Add Core Features to Your Android TV Receiver

This page contains code snippets and descriptions of the features available for customizing an Android TV Receiver app.

Getting started

Before you get started, review the sample code:

Sample Code

The code samples include two Android projects. CastConnect-AndroidTV contains a simple 'hello world' version of Cast Connect integration. The CastConnect-TestHarness folder contains a Web sender, Android sender, iOS sender and Android TV receiver application. The Android Sender and Android TV receiver are a combined project that demonstrates how to use more advanced Cast Connect features like queueing and the media status modifiers.

You can also check out the Cast Connect codelab with step-by-step instructions that take you through the process of enabling Cast Connect support to an ATV app.

Configuring libraries

To make Cast Connect APIs available to your Android TV app:

  1. Open the build.gradle file inside your application module directory.
  2. Verify that google() is included in the listed repositories.
    repositories {
        google()
    }
  3. Add the latest versions of play-services-cast-tv (17.0.0 or higher) and play-services-cast (19.0.0 or higher) to your dependencies:
    dependencies {
        implementation 'com.google.android.gms:play-services-cast-tv:17.0.0'
        implementation 'com.google.android.gms:play-services-cast:19.0.0'
    }
    Be sure you update this version number each time the services are updated.
  4. Save the changes and click Sync Project with Gradle Files in the toolbar.

AndroidX requirement

New versions of Google Play Services require an app to have been updated to use the androidx namespace. Follow the instructions for migrating to AndroidX.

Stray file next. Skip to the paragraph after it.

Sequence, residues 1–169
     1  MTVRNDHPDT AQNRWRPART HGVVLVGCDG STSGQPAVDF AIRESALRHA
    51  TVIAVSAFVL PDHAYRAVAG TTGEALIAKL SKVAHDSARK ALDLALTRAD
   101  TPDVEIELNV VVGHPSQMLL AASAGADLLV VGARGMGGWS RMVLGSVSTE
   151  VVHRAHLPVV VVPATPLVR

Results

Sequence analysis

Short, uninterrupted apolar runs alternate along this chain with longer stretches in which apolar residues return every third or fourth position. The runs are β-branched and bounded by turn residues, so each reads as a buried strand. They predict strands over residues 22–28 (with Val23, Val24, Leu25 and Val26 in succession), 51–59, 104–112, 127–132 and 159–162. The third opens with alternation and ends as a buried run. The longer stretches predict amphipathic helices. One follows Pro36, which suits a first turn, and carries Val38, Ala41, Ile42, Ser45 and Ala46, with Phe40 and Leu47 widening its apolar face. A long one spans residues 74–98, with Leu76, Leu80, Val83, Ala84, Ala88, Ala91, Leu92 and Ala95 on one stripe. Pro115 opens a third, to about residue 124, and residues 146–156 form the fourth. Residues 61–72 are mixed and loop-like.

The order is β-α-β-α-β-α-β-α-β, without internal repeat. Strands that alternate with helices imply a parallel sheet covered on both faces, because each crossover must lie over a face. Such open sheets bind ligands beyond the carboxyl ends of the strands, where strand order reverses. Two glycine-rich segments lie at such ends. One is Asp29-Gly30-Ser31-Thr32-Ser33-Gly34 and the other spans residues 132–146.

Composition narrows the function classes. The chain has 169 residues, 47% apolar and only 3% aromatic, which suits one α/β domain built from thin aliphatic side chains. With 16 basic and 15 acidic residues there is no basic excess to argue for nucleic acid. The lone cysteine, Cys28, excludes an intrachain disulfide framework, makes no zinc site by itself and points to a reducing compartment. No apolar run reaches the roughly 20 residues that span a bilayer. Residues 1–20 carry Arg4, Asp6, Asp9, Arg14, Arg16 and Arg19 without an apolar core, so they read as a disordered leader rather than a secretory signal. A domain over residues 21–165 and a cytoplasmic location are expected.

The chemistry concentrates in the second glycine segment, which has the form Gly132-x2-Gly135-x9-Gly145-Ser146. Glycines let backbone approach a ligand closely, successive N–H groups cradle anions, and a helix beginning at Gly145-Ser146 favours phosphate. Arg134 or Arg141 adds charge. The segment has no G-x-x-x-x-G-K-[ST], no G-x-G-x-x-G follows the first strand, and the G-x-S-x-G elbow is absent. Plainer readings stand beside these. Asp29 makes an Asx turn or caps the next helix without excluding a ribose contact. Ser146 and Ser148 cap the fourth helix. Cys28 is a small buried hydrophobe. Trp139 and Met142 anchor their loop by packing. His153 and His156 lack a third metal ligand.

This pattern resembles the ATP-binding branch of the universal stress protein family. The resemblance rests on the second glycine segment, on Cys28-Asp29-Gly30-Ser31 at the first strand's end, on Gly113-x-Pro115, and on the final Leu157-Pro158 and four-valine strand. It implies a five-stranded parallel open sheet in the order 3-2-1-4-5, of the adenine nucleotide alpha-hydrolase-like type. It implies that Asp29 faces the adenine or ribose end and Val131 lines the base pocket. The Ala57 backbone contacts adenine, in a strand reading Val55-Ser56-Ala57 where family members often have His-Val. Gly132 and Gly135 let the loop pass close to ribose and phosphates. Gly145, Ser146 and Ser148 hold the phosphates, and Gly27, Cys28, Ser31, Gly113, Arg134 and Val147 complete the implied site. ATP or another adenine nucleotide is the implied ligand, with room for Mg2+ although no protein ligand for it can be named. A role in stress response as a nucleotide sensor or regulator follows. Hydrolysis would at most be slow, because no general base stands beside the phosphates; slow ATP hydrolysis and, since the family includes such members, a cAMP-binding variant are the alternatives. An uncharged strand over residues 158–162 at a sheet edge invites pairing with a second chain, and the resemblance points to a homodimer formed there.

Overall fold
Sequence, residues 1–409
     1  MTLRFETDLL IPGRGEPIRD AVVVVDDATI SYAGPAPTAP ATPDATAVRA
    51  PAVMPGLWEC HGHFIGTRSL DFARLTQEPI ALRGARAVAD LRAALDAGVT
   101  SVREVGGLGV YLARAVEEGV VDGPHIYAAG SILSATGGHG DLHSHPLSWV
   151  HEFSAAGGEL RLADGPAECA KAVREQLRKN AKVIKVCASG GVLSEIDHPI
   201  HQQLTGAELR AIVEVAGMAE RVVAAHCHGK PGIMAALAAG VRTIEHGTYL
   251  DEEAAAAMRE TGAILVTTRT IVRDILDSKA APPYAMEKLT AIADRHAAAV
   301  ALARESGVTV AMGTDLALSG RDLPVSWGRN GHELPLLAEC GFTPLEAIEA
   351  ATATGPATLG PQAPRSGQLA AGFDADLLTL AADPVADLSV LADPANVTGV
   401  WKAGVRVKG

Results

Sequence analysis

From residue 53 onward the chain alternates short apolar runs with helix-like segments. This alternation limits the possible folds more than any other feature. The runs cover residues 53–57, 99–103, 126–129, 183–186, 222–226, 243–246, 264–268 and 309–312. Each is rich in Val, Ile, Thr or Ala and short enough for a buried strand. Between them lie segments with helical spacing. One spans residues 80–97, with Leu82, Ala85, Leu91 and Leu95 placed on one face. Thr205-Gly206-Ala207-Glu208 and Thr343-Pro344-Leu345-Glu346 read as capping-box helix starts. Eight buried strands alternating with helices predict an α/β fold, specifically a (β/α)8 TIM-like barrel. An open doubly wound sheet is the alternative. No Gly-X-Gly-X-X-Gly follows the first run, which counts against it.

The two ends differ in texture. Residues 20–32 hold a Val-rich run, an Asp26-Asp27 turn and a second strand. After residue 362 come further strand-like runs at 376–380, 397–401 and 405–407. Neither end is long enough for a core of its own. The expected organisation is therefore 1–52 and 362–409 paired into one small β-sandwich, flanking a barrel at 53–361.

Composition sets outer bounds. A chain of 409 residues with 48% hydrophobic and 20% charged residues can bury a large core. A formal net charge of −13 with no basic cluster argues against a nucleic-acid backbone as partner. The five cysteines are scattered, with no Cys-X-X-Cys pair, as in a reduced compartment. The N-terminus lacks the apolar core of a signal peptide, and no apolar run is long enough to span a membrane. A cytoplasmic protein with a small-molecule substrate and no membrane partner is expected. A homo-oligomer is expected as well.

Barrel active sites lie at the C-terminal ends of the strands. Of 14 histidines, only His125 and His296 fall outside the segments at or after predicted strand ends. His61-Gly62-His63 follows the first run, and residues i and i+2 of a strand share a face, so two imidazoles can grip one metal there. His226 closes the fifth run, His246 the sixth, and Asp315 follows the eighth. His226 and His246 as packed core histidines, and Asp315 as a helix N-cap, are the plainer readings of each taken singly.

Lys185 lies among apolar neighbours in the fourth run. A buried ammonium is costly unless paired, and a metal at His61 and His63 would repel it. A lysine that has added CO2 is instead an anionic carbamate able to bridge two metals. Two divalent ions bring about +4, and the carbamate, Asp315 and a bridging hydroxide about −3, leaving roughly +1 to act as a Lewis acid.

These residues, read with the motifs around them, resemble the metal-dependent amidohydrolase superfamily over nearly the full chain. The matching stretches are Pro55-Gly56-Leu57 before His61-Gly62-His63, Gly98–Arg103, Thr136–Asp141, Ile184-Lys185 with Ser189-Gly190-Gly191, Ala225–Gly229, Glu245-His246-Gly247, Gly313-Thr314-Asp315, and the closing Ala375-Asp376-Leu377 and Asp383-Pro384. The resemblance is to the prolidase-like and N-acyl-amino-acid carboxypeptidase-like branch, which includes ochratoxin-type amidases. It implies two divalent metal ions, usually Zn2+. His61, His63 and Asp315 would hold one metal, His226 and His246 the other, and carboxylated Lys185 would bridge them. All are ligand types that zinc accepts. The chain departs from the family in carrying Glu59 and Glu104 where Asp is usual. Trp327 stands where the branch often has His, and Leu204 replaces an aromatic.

Android TV app—prerequisites

In order to support Cast Connect in your Android TV app, you must create and support events from a media session. The data provided by your media session provides the basic information—for example, position, playback state, etc.—for your media status. Your media session also is used by the Cast Connect library to signal when it has received certain messages from a sender, like pause.

For more information on media session and how to initialize a media session, see the working with a media session guide.

Media session lifecycle

Your app should create a media session when playback starts and release it when it can’t be controlled any more. For example, if your app is a video app, you should release the session when the user exits the playback activity—either by selecting 'back' to browse other content or by backgrounding the app. If your app is a music app, you should release it when your app is no longer playing any media.

Updating session status

The data in your media session should be kept up-to-date with the status of your player. For example, when playback is paused, you should update the playback state as well as the supported actions. The following tables list what states you are responsible for keeping up to date.

MediaMetadataCompat

Metadata Field Description
METADATA_KEY_DISPLAY_TITLE/METADATA_KEY_TITLE (required) The media title.
METADATA_KEY_DISPLAY_SUBTITLE The subtitle.
METADATA_KEY_DISPLAY_ICON_URI The icon URL.
METADATA_KEY_DURATION (required) Media duration.
METADATA_KEY_MEDIA_URI The Content ID.
METADATA_KEY_ARTIST The artist.
METADATA_KEY_ALBUM The album.

PlaybackStateCompat

Required Method Description
setActions() Sets supported media commands.
setState() Set the playing state and current position.

MediaSessionCompat

Required Method Description
setRepeatMode() Sets repeat mode.
setShuffleMode() Sets shuffle mode.
setMetadata() Sets media metadata.
setPlaybackState() Sets playback state.
private void updateMediaSession() {
  MediaMetadataCompat metadata =
      new MediaMetadataCompat.Builder()
          .putString(MediaMetadataCompat.METADATA_KEY_DISPLAY_TITLE, "title")
          .putString(MediaMetadataCompat.METADATA_KEY_DISPLAY_SUBTITLE, "subtitle")
          .putString(MediaMetadataCompat.METADATA_KEY_DISPLAY_ICON_URI,mMovie.getCardImageUrl())
          .build();

  PlaybackStateCompat playbackState =
      new PlaybackStateCompat.Builder()
          .setState(
               PlaybackStateCompat.STATE_PLAYING,
               player.getPosition(),
               player.getPlaybackSpeed(),
               System.currentTimeMillis())
          .build();